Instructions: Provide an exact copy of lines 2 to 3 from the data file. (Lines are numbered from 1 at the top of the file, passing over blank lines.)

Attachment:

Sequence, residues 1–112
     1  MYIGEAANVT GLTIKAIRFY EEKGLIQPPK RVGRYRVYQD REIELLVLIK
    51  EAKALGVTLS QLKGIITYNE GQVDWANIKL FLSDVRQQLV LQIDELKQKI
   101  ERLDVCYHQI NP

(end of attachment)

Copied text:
     1  MYIGEAANVT GLTIKAIRFY EEKGLIQPPK RVGRYRVYQD REIELLVLIK
    51  EAKALGVTLS QLKGIITYNE GQVDWANIKL FLSDVRQQLV LQIDELKQKI